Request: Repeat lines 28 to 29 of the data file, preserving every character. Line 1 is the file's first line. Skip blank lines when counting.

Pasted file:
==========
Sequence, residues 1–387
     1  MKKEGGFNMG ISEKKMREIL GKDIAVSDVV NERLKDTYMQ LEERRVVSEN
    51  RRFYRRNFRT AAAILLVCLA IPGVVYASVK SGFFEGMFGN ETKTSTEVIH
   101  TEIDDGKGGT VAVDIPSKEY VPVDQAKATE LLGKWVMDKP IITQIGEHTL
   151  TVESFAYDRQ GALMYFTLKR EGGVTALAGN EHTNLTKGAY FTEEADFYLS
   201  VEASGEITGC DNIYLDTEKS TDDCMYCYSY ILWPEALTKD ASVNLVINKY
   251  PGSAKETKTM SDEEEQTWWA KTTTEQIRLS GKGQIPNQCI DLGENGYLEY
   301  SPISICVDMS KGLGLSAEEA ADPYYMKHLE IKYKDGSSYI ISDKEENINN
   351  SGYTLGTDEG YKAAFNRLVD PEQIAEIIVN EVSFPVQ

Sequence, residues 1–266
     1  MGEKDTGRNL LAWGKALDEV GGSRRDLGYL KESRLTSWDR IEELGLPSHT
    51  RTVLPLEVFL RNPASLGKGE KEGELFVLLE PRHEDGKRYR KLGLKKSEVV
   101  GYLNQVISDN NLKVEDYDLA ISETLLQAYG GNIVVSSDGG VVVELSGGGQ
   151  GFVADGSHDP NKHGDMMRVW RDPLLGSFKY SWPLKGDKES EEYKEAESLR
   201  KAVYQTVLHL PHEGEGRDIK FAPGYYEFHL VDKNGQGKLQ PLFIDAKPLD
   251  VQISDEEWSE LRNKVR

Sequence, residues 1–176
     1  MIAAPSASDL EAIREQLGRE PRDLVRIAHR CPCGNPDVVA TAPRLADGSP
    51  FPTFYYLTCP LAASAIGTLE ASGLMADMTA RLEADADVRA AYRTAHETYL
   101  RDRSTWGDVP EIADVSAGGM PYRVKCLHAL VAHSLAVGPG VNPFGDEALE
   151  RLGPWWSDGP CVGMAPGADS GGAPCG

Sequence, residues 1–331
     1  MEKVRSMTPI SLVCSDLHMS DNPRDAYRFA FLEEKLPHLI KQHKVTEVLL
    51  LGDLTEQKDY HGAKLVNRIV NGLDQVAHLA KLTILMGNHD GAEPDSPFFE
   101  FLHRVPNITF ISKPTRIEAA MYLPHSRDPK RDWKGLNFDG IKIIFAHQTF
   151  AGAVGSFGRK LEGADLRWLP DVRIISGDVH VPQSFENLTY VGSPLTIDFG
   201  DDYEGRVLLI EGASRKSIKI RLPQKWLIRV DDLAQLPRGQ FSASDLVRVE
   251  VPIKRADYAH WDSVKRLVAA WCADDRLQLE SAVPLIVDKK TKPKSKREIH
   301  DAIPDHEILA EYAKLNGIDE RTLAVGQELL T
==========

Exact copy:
   251  VPIKRADYAH WDSVKRLVAA WCADDRLQLE SAVPLIVDKK TKPKSKREIH
   301  DAIPDHEILA EYAKLNGIDE RTLAVGQELL T